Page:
by Thomas Wagner Monday, June 16, 2014
The planet is a symphony played by the orchestral sections of the atmosphere, hydrosphere, geosphere and biosphere, each of which includes many instruments. However, teasing out the myriad relationships in the concerto that is the earth system is daunting. Not only do the scales involved range from planetary to microscopic, but our observational records are also relatively short, and some features are inherently chaotic. Just understanding the basics of any one of the major components can take a lifetime.
In his new book, “The Dance of Air and Sea: How Oceans, Weather, and Life Link Together,” British oceanographer Arnold H. Taylor takes a stab at explaining how the various components of the Earth symphony act in concert.
The book opens with a ponderous question, which serves as an example for how the book is structured: Zooplankton booms and busts near the British Isles appear to be correlated with the Gulf Stream’s position — but how? Taylor deftly explains the major parts of Earth’s climate system while covering the history of its study through to the contemporary scientific approach.
Overall, the book is a quick tour of the teleconnections of the earth system relayed in a series of charming, accessible essays. Each chapter is about a particular atmospheric or oceanic phenomenon. He opens each with historical scientific events or curious anecdotes related to the phenomena’s discovery — such as Ben Franklin’s study of the Gulf Stream having been driven by his postmaster job. The history gives way to a discussion of contemporary knowledge of the subject, along with implications related to global warming.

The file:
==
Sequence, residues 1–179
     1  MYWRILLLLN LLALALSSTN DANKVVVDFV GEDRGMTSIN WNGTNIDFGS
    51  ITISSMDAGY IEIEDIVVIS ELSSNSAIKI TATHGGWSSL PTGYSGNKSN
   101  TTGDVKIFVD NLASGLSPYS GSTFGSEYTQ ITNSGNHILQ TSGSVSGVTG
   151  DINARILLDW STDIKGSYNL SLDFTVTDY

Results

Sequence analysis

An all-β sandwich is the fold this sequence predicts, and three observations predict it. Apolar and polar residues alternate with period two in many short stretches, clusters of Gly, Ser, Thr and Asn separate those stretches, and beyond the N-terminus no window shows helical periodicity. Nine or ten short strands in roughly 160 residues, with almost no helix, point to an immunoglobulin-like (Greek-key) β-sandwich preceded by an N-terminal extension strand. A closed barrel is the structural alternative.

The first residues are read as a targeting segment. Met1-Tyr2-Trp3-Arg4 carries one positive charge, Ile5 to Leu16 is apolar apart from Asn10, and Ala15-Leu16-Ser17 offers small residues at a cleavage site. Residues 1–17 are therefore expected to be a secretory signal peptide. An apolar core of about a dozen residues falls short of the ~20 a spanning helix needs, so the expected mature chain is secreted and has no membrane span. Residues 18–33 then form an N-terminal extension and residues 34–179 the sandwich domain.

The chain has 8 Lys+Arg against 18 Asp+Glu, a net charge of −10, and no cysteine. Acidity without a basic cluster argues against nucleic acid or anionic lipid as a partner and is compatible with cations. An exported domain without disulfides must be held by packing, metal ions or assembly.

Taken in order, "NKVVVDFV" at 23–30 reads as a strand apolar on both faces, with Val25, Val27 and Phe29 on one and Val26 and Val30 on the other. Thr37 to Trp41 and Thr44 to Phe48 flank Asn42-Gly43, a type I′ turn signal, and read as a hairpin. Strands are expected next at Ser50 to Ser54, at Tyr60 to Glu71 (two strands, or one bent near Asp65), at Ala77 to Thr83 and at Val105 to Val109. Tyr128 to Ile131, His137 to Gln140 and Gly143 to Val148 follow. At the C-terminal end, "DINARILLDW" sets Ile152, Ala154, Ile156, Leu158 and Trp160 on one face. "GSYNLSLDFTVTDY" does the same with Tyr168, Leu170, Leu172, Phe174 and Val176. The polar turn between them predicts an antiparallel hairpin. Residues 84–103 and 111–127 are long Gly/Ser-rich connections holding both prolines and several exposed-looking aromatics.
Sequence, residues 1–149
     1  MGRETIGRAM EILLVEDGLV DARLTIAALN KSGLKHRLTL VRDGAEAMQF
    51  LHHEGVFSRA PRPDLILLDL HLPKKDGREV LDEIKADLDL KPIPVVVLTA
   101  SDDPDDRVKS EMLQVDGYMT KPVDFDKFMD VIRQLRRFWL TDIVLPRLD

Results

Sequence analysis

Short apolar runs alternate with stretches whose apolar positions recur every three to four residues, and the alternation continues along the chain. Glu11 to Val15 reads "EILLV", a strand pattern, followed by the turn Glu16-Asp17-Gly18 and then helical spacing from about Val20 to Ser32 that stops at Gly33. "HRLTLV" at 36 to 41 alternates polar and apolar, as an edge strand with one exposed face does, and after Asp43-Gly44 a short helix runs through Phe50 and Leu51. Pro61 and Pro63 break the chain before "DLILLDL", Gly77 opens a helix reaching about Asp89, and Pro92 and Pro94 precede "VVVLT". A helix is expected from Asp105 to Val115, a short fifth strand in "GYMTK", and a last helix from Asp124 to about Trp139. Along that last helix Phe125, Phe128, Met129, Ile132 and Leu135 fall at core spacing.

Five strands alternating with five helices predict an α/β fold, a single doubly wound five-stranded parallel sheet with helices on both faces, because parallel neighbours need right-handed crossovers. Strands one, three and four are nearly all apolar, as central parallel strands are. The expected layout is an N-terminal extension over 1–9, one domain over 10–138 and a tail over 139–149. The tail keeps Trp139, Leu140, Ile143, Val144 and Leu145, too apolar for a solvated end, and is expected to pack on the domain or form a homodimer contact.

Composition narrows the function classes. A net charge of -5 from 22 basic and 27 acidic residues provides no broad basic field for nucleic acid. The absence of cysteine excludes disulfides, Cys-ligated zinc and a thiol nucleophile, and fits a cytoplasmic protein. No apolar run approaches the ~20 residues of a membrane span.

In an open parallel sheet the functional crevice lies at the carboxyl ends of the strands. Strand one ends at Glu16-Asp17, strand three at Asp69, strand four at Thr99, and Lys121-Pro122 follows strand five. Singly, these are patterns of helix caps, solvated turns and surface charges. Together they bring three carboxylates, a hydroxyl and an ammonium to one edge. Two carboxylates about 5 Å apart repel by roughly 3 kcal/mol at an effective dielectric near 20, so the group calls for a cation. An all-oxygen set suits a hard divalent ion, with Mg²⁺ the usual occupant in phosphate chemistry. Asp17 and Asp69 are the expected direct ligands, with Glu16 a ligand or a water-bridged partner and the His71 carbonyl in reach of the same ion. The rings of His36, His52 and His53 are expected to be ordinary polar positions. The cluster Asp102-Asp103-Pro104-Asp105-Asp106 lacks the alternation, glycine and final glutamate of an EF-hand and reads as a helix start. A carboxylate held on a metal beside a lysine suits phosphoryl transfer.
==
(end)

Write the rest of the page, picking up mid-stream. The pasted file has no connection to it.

Taylor emphasizes the complexity of relationships, and the difficulties of forecasting and prediction. I was entranced by his discussion of Earth’s weather systems, including the easy-to-follow description of the intricacies of Rossby waves. He also explains the main circulation patterns of and connections between the oceans and atmosphere, and discusses how they relate to phenomena such as monsoons and El Niño.
The book does wander somewhat, although the forays lead to some interesting discussions of how natural science is actually carried out, such as finding clever, indirect ways to measure phenomena that are otherwise difficult to observe — for example, using annual rings in perch bones to monitor lake ecosystems.
A champion of long observation records, Taylor routinely points out the important unintended use of these records in establishing our baseline understanding of Earth. Examples range from the intentionally scientific — ocean plankton recording or the Mauna Loa carbon dioxide records — to the accidentally useful — like the corporate records of the Hudson’s Bay Company’s animal fur trade.
The writing is readable with minimal jargon, and the text references plenty of maps and graphs throughout. Extensive notes, a glossary and an index are included. The book is stronger than many popular books about earth systems, and it does not shy away from difficult questions and the sometimes-vague answers. It ends honestly — the professor never solves his query about the plankton around the British Isles.
The reader finishes the book feeling privileged to participate in an interesting journey that continues today. The lessons are summarized in the epilogue with classic British understatement: “The sensitive response of ecosystems to comparatively weak but systematic changes in weather … may be a widespread feature.” Taylor offers some of the best discussion yet of how complex and unpredictable these responses may be.
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